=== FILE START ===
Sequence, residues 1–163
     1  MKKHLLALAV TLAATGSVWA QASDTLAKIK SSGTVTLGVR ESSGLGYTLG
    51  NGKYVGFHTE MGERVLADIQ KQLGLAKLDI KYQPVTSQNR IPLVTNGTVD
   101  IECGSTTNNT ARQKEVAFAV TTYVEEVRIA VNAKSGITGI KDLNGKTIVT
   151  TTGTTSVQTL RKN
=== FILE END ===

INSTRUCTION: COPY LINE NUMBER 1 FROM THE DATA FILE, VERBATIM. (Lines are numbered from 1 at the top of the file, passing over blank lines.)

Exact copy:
Sequence, residues 1–163